I. An Overview of Internal Family Systems Therapy 1. The Origins of Internal Family Systems Therapy 2. Individuals as Systems 3. The Self 4. Burdens 5. IFS and the Body 6. The Role of the Therapist in IFS II. How to Practice IFS with Individuals 7. Setting the Table for Treatment 8. In-Sight and Direct Access 9. Finding, Focusing, and Fleshing Out Protectors 10. Feeling Toward, Befriending, and Exploring Protector Fears 11. Changing Protector Polarizations 12. Unburdening Exiles 13. Doing Inner Work Safely III. IFS Therapy with Families, Couples, and Larger Systems 14. The IFS View of Families 15. Releasing Constraints in IFS Family Therapy 16. Unburdening in IFS Family Therapy 17. Treating Couples with IFS Therapy 18. Applying the IFS Model to Social and Cultural Systems IV. Research and Conclusion 19. Research on IFS 20. The Laws of Inner Physics Appendix: Glossary of Terms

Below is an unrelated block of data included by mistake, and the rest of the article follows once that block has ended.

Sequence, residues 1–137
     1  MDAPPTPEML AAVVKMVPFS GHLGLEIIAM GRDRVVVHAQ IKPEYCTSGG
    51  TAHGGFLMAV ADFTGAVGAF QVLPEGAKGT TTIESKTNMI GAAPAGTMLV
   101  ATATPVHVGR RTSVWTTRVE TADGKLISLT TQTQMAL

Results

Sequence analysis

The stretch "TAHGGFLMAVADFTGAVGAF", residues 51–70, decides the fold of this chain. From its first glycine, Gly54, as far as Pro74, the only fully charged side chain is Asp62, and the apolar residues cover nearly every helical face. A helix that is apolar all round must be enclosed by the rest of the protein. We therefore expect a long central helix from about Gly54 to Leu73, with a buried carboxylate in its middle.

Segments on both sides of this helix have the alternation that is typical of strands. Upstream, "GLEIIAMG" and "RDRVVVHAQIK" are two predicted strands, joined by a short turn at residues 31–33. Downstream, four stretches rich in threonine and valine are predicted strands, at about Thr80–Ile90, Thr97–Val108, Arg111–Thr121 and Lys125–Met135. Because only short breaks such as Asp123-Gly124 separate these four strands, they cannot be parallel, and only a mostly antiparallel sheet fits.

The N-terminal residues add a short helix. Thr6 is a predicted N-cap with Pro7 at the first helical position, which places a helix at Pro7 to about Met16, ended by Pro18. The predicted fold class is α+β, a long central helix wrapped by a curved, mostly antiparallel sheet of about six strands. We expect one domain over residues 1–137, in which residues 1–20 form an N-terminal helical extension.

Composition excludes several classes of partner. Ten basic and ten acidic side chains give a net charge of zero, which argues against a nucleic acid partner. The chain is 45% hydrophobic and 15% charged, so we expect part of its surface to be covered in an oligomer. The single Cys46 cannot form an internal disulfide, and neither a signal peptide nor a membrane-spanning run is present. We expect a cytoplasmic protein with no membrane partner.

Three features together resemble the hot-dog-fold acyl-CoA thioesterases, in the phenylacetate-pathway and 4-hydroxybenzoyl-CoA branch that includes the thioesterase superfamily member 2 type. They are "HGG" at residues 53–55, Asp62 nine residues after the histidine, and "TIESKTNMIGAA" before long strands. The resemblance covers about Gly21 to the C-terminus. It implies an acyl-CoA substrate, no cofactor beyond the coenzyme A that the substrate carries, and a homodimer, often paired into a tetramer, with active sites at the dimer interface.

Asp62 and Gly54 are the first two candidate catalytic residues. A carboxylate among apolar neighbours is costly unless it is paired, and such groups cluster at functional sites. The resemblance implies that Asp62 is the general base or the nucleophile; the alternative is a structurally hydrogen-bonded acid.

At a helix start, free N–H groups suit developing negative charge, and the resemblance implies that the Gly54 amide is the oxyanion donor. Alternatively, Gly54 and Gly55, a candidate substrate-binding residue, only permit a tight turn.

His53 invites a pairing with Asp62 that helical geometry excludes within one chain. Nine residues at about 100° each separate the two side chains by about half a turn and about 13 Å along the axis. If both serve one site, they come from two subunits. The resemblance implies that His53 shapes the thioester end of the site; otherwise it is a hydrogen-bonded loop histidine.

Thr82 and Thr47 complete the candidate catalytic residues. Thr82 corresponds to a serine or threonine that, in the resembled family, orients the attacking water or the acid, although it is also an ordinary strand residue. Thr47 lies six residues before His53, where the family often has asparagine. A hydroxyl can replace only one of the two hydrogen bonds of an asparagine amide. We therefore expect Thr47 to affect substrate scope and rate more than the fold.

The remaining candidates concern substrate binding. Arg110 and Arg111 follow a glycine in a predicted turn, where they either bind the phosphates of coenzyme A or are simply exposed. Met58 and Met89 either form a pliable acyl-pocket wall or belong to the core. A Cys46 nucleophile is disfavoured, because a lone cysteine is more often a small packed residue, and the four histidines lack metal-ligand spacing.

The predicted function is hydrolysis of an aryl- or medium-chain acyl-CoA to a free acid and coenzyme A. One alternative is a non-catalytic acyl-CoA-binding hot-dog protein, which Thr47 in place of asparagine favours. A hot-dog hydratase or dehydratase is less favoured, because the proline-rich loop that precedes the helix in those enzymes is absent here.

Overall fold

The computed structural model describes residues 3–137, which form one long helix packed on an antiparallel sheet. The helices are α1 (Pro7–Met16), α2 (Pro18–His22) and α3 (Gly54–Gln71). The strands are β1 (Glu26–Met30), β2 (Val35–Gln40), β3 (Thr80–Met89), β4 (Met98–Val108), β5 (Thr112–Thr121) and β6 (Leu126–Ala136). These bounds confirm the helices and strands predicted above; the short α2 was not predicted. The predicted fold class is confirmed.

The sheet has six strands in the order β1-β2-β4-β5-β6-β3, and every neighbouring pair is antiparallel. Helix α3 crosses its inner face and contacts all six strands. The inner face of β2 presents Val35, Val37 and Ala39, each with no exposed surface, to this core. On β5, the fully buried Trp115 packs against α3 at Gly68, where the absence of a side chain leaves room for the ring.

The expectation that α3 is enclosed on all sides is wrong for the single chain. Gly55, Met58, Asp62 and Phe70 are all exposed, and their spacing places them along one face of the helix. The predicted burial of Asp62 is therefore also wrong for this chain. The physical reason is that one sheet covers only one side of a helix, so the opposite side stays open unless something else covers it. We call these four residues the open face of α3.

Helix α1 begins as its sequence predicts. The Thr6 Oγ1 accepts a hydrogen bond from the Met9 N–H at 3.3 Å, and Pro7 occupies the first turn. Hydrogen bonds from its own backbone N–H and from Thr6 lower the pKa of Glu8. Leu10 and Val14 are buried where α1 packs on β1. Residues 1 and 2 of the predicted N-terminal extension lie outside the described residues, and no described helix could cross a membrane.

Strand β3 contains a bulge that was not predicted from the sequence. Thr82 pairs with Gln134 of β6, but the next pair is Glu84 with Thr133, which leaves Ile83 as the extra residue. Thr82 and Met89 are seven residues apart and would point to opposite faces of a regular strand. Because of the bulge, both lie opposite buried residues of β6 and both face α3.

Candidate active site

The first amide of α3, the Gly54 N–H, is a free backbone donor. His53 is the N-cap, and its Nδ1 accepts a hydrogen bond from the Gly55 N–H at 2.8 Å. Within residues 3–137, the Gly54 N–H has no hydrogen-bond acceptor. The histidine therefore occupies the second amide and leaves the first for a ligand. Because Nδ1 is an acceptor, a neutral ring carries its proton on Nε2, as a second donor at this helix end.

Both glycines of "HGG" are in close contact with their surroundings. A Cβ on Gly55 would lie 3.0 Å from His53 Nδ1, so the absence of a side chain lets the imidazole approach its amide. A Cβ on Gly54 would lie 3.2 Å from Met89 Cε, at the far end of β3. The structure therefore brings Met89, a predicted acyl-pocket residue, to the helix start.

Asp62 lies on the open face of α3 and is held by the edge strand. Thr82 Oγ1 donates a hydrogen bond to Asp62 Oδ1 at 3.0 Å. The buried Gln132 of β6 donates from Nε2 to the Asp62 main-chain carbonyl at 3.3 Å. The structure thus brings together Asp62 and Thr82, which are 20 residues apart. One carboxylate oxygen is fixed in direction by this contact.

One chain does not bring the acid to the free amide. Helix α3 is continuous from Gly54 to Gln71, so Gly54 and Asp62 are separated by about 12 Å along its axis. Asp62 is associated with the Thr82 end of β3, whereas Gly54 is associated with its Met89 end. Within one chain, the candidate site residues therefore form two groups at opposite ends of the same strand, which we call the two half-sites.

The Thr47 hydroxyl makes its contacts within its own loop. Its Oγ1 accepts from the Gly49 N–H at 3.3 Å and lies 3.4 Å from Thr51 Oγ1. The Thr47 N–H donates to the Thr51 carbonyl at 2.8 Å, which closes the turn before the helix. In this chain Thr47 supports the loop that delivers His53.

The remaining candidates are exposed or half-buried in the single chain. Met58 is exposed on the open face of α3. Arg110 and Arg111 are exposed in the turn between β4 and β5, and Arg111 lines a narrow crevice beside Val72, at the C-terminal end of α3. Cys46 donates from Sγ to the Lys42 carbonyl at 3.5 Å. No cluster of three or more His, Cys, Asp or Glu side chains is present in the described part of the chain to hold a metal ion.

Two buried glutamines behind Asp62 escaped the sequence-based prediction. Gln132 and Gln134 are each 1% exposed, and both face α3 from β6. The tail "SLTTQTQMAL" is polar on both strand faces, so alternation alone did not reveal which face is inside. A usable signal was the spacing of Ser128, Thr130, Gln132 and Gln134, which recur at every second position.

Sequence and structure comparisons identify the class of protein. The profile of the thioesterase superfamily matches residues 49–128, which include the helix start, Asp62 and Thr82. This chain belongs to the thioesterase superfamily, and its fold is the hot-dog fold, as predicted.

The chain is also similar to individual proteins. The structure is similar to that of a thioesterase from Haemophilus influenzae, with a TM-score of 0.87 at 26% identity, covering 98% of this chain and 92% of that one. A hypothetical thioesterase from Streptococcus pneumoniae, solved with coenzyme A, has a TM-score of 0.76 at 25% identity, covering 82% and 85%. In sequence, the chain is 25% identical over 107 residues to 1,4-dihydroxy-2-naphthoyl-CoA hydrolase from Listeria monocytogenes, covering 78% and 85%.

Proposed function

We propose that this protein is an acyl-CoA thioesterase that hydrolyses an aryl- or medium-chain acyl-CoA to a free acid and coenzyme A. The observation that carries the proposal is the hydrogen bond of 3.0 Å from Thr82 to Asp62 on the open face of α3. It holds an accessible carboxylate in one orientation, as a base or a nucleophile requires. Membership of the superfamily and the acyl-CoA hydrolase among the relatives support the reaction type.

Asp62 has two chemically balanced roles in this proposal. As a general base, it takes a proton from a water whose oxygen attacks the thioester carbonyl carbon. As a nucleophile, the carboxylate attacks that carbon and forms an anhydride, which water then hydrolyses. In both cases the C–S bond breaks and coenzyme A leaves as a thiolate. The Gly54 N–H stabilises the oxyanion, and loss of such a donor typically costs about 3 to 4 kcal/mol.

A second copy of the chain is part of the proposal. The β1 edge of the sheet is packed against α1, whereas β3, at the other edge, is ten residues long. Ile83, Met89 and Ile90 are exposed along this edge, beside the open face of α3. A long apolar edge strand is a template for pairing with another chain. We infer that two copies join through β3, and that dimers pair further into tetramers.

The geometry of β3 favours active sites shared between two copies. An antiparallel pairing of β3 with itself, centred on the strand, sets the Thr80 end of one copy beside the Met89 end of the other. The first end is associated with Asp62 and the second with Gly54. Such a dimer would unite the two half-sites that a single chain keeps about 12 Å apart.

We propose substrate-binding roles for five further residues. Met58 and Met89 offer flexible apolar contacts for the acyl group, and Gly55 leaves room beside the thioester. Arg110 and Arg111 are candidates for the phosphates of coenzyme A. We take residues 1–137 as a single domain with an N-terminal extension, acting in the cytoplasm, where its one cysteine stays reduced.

Clinical psychologists, couple and family therapists and counselors, social workers, psychiatric nurses, and psychiatrists. May serve as a supplemental text in graduate-level courses.